AusCERT 2012 Day 1 : IDS too noisy, too demanding: Stratsec

IDS is nearly as ubiquitous as the firewall, yet companies are still suffering intrusions because of failed implementations, according to Shane Biggins of Stratsec.

Intrusion detection systemsrsquo; ldquo;needy and noisyrdquo; behaviour is aligning with a serious, ongoing skills shortage in IT security to turn the IDS into a box that generates alerts which are largely ignored, he told delegates to AusCERT.

Too many IDSrsquo; are installed with a ldquo;box droprdquo; mentality, followed by the heavy lifting of learning the system and configuring its rules ndash; after which, the ongoing workload becomes so great that final role of the IDS turns out to be collecting millions of alerts that nobody watches.

ldquo;IDS are needy ndash; they do not work out-of-the-box, you have to make rules that are a reflection of your business, and they make too much noise,rdquo; he said.

Describing his own companyrsquo;s research into tools to try and deal with the huge amounts of data that the typical IDS will generate, Biggins said that the development of data mining techniques for analyzing social networks is helping to slim down the bloated alert log an IDS produces.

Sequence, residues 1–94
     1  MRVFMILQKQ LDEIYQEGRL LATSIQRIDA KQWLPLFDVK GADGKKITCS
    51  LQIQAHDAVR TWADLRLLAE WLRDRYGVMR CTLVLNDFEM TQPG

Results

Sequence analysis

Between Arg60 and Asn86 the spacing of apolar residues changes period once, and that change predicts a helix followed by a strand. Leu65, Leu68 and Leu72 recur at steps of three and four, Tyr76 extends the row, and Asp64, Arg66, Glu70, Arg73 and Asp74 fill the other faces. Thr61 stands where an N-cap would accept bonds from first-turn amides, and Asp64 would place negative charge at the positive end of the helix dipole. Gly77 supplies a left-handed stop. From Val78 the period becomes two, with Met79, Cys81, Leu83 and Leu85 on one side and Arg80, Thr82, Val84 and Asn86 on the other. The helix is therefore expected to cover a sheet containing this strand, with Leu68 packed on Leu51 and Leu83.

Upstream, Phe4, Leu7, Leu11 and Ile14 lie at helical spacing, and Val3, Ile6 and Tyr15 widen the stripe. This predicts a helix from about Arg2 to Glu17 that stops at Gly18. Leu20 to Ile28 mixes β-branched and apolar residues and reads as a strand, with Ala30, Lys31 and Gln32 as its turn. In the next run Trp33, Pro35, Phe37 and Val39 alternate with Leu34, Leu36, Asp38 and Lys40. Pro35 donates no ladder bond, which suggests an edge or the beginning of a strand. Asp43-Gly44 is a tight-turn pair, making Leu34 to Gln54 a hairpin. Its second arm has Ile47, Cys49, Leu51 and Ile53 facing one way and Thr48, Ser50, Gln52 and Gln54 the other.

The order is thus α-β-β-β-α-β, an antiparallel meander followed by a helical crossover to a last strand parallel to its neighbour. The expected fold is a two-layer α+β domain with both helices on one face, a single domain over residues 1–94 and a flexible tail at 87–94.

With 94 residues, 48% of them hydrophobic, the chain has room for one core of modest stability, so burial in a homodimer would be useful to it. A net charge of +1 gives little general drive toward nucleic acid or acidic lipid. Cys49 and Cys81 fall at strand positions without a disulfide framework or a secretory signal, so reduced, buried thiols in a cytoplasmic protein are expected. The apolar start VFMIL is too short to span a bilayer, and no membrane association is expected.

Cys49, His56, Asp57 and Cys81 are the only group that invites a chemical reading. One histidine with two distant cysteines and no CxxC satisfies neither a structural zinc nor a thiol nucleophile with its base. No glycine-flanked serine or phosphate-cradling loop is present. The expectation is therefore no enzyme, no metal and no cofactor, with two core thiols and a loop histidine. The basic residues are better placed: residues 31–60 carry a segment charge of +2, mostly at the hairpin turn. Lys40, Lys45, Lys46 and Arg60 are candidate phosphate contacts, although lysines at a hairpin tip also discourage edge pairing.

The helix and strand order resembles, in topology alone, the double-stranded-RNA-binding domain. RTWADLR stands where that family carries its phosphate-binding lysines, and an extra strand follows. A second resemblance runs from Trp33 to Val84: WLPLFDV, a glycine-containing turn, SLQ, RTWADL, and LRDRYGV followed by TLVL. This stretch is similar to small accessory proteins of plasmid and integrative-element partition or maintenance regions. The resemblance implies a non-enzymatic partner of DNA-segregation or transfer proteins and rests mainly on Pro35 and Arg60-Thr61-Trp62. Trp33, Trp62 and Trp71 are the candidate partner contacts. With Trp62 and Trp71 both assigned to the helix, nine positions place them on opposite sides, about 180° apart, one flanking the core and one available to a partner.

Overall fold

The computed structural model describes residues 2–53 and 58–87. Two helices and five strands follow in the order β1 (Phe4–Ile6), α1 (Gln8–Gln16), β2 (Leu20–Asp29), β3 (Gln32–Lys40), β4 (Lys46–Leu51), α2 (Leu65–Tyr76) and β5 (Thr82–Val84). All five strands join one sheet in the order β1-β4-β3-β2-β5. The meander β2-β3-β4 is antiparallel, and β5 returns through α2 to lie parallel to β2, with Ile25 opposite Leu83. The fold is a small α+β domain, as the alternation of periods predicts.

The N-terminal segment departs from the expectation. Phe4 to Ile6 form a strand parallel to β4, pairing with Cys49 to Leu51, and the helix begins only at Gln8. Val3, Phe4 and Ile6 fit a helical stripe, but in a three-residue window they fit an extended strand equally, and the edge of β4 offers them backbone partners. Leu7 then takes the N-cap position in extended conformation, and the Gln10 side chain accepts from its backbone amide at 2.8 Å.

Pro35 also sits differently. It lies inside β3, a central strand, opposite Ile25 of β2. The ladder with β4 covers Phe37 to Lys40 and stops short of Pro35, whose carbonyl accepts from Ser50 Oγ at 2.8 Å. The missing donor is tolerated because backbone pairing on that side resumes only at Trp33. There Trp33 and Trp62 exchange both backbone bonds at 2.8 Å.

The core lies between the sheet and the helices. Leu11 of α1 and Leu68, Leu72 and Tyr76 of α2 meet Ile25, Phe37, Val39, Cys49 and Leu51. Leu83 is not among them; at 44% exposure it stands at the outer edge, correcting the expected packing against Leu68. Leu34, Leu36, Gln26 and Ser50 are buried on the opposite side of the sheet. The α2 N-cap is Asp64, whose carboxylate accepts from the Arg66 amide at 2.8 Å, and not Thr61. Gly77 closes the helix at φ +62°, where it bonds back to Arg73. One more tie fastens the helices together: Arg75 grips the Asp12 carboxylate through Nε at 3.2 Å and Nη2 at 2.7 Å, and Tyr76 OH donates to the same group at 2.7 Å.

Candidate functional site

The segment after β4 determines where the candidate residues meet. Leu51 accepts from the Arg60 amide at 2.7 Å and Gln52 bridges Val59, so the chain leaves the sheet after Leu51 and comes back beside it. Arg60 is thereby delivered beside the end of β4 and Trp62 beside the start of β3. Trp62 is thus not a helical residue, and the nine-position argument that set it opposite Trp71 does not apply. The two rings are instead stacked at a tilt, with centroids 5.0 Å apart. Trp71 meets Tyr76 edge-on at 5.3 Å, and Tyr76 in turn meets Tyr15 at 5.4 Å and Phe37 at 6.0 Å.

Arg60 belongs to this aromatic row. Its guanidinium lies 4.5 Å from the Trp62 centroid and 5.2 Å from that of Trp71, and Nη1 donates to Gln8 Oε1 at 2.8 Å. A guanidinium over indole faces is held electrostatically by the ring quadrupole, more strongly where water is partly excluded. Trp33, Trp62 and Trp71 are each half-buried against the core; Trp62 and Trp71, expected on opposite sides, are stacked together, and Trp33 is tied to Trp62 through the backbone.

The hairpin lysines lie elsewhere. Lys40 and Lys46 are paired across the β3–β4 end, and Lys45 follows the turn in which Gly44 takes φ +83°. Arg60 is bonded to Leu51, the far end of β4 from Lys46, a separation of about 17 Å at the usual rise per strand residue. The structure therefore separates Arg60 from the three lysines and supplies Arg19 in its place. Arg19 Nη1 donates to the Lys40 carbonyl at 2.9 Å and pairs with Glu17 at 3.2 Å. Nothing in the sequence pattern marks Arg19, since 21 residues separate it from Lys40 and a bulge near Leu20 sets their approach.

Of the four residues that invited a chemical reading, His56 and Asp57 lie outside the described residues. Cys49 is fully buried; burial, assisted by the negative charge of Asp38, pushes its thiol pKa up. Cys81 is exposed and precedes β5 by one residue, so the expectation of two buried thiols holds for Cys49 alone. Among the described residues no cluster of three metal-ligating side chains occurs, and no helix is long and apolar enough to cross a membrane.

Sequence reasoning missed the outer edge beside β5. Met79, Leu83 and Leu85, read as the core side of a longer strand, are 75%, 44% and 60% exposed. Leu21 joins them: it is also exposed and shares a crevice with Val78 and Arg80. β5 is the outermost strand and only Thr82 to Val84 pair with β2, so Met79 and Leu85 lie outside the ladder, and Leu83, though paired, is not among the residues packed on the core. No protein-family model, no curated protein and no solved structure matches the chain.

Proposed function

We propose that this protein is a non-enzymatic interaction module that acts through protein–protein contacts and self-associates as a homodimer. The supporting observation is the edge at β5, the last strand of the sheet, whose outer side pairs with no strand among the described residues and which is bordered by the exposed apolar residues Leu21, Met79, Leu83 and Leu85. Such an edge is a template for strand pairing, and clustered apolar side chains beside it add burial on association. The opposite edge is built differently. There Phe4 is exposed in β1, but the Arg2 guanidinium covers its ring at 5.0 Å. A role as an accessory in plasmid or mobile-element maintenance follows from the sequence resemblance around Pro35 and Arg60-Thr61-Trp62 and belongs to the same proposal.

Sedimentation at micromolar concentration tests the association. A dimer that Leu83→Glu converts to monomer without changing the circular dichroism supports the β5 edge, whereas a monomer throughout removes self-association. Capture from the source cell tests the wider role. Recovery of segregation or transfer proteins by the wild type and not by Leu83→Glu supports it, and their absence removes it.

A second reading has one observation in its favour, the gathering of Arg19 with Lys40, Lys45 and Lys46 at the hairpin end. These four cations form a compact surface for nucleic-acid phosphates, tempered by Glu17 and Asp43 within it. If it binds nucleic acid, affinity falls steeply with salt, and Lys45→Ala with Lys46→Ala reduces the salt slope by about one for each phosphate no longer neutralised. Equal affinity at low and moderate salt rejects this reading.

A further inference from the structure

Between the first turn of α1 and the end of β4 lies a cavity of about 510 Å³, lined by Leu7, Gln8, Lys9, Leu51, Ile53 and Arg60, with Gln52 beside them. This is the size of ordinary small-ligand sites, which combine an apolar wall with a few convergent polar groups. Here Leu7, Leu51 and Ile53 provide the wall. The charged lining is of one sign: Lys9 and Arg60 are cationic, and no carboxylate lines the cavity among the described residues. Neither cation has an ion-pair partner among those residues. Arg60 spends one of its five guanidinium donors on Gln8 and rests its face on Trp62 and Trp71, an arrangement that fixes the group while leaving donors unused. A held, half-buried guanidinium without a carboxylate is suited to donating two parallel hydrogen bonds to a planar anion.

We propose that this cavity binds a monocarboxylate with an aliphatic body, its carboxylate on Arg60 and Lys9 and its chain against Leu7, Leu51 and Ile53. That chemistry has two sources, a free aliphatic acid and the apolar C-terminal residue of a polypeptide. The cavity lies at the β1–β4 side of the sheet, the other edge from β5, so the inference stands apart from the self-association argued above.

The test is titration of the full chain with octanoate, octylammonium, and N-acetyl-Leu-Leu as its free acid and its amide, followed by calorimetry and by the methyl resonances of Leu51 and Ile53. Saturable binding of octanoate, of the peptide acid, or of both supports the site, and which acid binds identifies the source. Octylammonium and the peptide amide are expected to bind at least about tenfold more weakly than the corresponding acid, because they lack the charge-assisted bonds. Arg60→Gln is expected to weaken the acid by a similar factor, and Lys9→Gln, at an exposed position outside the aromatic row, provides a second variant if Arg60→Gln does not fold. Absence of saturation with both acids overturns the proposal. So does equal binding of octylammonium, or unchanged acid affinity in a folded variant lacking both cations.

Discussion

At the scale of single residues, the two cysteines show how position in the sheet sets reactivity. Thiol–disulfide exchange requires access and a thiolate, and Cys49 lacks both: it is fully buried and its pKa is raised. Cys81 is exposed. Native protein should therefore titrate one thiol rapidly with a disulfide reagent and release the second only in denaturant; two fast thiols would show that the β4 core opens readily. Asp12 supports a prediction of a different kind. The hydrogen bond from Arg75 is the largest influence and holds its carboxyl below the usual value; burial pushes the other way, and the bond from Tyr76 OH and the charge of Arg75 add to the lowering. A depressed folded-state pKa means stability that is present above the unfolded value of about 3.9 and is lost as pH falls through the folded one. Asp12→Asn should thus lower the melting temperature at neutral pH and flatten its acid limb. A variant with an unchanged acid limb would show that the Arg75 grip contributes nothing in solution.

Biggins also noted that therersquo;s no point, in the longer term, in insisting that all IDS analysis be handled in real time. Instead, he said, Stratsec has learned that itrsquo;s safe to ldquo;let gordquo; of a real-time mindset.

The solution is pre-processing the huge amount of alert data an IDS generates to prioritise it and discard trivial alerts; and then giving analysts the right tools to work through and respond to the important alerts.

ldquo;You wonrsquo;t stop it getting through the door. Whatrsquo;s importance is reducing the lsquo;dwell timersquo; that the attacker is inside,rdquo; he said.

Follow @CSO_Australia and sign up to the CSO Australia newsletter.


Copyright © 2012 IDG Communications, Inc.

The 10 most powerful cybersecurity companies